Bartlet for America: Life lessons from the West Wing

By Tiffany Burrows

For politicos, watching The West Wing remains a rite of passage, despite the final episode Tomorrow (Season 7, Episode 22) airing over 15 years ago. 

I have watched The West Wing from start to finish twice (that is nothing, I hear the die-hard fans say at the back) and am half-way through re-watching it a third time. Watching now after so much has changed politically both in the US and here at home has given me a new perspective. With its instantly recognisable opening credits and drumbeats, its iconic use of the walk and talk, and the dedication to terrible brown suits, The West Wing as a series has been the bastion of liberal politics (critiqued by some as ‘The Left Wing’) and comparisons between Congressman Santos’ (fictional) campaign of 2006 and Obama’s 2008 run have been drawn. For those who don’t know, 

The West Wing is an American political drama set in, you guessed it, the west wing of the White House, and focusing on the administration of President Josiah Bartlet and his senior team of aides. 

Below, I’ve written about core messages writer Aaron Sorkin may have been trying to tell us (and I’ve tried to keep spoilers to a minimum).

Integrity and accountability should be the order of the day

A lesson that is dispersed throughout the series is that even in politics, integrity and accountability matters. The President’s confession that withholding information about his health from the public was wrong is a masterclass in accepting the consequences of your actions.

“I was wrong. I was, I was just… I was wrong. Come on, we know that. Lots of times we don’t know what right or wrong is, but lots of times we do, and come on… this is one… We foster, we obfuscate, we rationalize. “Everybody does it”, that’s what we say. So we come to occupy a moral safe house where everyone’s to blame, so no one’s guilty.”

What I have always admired about this quote is the willingness to embrace the vulnerability that comes from admitting you made a mistake, however big that mistake is. There is no merit in making excuses, blaming other people, or trying to shirk responsibility. Sometimes, you just have to admit you got something wrong, which the First Lady Dr Bartlet tried to sneak a conjunctive adverb into an apology: “No. No ‘however’. Just be wrong. Just stand there in your wrongness and be wrong and get used to it”. 

Kindness is king

If there is one thing The West Wing portrays better than anything else, it is the importance of relationships – with colleagues, with friends, and with family, and how important kindness is to forging them. From Charlie’s decision to become a mentor to Anthony Marcus who lost his Big Brother, to Donna’s declaration that she would run through red lights for her boss if he was in an accident to Toby arranging a military funeral for a homeless veteran – all these acts are underpinned by kindness.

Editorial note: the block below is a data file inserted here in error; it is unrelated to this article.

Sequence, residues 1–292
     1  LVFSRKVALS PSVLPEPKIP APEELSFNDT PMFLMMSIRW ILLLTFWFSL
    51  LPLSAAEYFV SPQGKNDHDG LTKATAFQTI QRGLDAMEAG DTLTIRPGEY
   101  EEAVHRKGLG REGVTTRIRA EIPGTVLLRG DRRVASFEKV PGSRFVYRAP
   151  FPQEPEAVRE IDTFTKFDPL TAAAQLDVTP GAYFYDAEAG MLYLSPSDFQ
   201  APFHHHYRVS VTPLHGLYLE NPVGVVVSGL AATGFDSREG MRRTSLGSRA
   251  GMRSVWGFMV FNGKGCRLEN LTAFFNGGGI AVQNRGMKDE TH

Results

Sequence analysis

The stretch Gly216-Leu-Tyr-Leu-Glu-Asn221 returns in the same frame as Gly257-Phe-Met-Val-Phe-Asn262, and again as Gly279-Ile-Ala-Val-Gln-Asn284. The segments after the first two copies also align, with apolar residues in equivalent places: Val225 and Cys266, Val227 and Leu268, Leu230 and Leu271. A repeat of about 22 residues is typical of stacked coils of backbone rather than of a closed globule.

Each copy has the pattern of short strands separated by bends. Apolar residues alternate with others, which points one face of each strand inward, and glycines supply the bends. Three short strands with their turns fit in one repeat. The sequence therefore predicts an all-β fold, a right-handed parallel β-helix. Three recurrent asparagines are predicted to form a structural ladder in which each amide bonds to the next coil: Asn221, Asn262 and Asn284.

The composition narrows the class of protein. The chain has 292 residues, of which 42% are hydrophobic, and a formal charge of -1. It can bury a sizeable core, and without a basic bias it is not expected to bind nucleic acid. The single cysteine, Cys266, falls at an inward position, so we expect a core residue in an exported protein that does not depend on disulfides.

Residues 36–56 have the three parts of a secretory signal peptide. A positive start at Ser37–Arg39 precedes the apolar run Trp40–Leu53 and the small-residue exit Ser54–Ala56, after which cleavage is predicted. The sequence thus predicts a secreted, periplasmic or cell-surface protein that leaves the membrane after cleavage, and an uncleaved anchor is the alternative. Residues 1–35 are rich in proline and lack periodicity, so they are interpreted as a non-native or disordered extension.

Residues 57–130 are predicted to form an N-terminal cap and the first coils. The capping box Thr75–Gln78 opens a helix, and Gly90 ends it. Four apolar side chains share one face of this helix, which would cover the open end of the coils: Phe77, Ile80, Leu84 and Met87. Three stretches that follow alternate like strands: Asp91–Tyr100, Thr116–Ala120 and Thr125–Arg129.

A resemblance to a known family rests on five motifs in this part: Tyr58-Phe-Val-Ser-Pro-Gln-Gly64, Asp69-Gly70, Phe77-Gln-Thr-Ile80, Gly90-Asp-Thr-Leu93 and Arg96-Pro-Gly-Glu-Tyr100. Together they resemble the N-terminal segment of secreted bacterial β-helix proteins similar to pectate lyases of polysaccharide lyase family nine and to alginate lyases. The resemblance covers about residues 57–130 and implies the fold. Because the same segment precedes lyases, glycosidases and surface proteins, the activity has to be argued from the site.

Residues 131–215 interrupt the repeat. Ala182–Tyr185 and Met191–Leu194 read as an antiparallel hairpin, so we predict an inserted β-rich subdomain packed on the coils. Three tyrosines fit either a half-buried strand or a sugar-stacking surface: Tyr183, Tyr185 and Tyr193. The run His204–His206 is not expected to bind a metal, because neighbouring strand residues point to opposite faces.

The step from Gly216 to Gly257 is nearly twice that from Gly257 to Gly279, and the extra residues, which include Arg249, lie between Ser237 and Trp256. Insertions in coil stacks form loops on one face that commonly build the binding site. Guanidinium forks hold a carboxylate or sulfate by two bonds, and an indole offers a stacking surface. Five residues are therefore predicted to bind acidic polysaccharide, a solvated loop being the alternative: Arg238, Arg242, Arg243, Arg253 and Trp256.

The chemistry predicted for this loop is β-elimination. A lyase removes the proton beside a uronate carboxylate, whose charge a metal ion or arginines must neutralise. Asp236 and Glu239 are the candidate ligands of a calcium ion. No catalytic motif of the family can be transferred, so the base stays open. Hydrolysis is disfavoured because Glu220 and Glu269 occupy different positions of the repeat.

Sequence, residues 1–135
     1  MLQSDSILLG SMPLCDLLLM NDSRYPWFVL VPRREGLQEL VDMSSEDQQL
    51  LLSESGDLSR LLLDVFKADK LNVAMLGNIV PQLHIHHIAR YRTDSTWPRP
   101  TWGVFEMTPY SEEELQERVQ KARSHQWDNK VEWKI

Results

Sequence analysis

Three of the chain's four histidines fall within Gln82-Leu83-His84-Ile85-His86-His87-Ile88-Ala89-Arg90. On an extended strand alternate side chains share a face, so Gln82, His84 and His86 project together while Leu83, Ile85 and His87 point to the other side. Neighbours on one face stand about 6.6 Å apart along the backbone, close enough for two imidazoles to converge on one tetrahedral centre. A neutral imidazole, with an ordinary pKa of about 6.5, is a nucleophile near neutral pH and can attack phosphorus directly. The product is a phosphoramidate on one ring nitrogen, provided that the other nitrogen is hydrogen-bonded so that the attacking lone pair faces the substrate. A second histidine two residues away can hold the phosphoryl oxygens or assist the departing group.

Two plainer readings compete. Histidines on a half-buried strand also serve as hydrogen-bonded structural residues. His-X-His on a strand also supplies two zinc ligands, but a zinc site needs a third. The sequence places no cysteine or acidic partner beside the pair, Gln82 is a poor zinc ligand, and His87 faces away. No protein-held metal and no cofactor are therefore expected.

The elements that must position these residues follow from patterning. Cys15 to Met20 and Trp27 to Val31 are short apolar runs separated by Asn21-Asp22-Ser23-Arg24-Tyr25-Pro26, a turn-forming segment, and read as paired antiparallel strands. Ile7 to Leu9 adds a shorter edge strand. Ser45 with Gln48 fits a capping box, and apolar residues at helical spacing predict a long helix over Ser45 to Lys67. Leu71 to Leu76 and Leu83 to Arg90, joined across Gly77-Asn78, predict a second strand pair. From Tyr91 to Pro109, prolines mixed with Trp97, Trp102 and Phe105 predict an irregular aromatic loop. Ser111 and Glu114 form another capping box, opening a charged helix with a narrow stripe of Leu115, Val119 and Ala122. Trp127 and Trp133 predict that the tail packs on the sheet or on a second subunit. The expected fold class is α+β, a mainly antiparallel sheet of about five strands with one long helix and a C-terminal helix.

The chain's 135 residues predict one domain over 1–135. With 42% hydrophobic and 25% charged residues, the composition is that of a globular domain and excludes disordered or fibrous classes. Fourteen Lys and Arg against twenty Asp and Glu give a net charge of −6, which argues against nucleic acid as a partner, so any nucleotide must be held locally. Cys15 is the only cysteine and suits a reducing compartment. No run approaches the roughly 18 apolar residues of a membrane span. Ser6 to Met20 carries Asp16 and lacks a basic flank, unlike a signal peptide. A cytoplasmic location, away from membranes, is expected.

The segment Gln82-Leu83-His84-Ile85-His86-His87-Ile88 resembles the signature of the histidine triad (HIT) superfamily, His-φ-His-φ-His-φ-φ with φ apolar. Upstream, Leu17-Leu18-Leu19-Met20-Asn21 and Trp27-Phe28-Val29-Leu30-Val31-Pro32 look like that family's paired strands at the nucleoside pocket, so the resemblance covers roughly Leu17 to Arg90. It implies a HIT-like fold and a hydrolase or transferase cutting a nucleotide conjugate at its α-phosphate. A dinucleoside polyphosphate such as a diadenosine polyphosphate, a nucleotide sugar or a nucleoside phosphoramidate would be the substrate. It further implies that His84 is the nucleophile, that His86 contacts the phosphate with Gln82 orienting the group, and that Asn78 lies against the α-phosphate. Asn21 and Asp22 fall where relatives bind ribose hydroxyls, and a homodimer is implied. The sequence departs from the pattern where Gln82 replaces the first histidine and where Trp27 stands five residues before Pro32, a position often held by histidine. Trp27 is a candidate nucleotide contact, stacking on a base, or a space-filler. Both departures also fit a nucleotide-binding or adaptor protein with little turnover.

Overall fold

The president’s Chief of Staff Leo McGarry epitomises the significance of West Wing relationships when he shares this analogy with his Deputy Josh Lyman:

This guy’s walkin’ down a street when he falls in a hole. The walls are so steep he can’t get out. A doctor passes by and the guy shouts up, “Hey you! Can you help me out?” The doctor writes a prescription, throws it down in the hole, and moves on. Then a priest comes along and the guy shouts up, “Father, I’m down in this hole; can you help me out?” The priest writes out a prayer, throws it down in the hole and moves on. Then a friend walks by. “Hey, Joe, it’s me. Can ya help me out?” And the friend jumps in the hole. Our guy says, “Are ya stupid? Now we’re both down here.” The friend says, “Yeah, but I’ve been down here before and I know the way out.” 

Listen to those you disagree with

Nowhere is the lesson of listening to people who disagree with you more evident than in Series 2, when Leo McGarry hires Ainsley Hayes – a Republican – to join the White House Counsel’s office, much to the aggrievance of the rest of the senior staff (superbly summed up by the below exchange).

Ainsley Hayes: How many people on your staff assumed that I was ambitious, mean, and stupid?

Leo McGarry: None. C.J. Cregg thinks you kill your pets. You don’t do that, do you?

Throughout her time in The West Wing, Ainsley, (later described by one colleague as being politically “slightly to the right of the Kaiser”) refuses to use personal attacks to critique a person’s political view and embodies the ability to disagree whilst doing so with respect, a lesson we could all do well to learn from. She also provided a regular challenge to the conventional Democratic ways of thinking, representing a position that would often go unheard. Or put in a better way by Bartlet himself: “I am the president of the United States. Not the president of people who agree with me.” 

Another example of guaranteeing fresh perspective on things was the recurring Big Block of Cheese Day in the show. Once a year, senior White House staffers were encouraged to accept meetings with people who normally would not receive an audience with them to pitch their unconventional ideas from wolf-only highways to UFO conspiracies. 

So as I continue re-watching the West Wing, I’ll strive to live by the above lessons, and when in doubt, ask, what would President Bartlet do?